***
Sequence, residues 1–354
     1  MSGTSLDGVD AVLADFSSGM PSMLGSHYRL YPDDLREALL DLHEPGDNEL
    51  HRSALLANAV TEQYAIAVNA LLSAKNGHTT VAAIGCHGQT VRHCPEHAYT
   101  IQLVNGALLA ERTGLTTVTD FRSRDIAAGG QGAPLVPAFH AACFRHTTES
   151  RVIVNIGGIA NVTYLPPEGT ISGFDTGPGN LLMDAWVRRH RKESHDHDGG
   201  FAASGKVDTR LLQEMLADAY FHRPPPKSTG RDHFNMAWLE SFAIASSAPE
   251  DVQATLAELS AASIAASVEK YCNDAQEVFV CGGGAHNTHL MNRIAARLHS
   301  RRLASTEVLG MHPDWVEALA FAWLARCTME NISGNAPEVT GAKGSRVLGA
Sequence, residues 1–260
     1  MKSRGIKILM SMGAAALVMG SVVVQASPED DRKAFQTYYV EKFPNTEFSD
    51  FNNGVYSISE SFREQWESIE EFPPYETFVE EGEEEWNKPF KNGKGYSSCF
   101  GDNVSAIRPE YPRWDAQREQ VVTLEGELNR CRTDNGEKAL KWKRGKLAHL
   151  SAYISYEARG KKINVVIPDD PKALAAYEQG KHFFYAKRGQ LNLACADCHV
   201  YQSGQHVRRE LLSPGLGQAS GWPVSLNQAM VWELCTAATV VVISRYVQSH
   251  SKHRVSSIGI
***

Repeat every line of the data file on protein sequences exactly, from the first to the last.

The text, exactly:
Sequence, residues 1–354
     1  MSGTSLDGVD AVLADFSSGM PSMLGSHYRL YPDDLREALL DLHEPGDNEL
    51  HRSALLANAV TEQYAIAVNA LLSAKNGHTT VAAIGCHGQT VRHCPEHAYT
   101  IQLVNGALLA ERTGLTTVTD FRSRDIAAGG QGAPLVPAFH AACFRHTTES
   151  RVIVNIGGIA NVTYLPPEGT ISGFDTGPGN LLMDAWVRRH RKESHDHDGG
   201  FAASGKVDTR LLQEMLADAY FHRPPPKSTG RDHFNMAWLE SFAIASSAPE
   251  DVQATLAELS AASIAASVEK YCNDAQEVFV CGGGAHNTHL MNRIAARLHS
   301  RRLASTEVLG MHPDWVEALA FAWLARCTME NISGNAPEVT GAKGSRVLGA
Sequence, residues 1–260
     1  MKSRGIKILM SMGAAALVMG SVVVQASPED DRKAFQTYYV EKFPNTEFSD
    51  FNNGVYSISE SFREQWESIE EFPPYETFVE EGEEEWNKPF KNGKGYSSCF
   101  GDNVSAIRPE YPRWDAQREQ VVTLEGELNR CRTDNGEKAL KWKRGKLAHL
   151  SAYISYEARG KKINVVIPDD PKALAAYEQG KHFFYAKRGQ LNLACADCHV
   201  YQSGQHVRRE LLSPGLGQAS GWPVSLNQAM VWELCTAATV VVISRYVQSH
   251  SKHRVSSIGI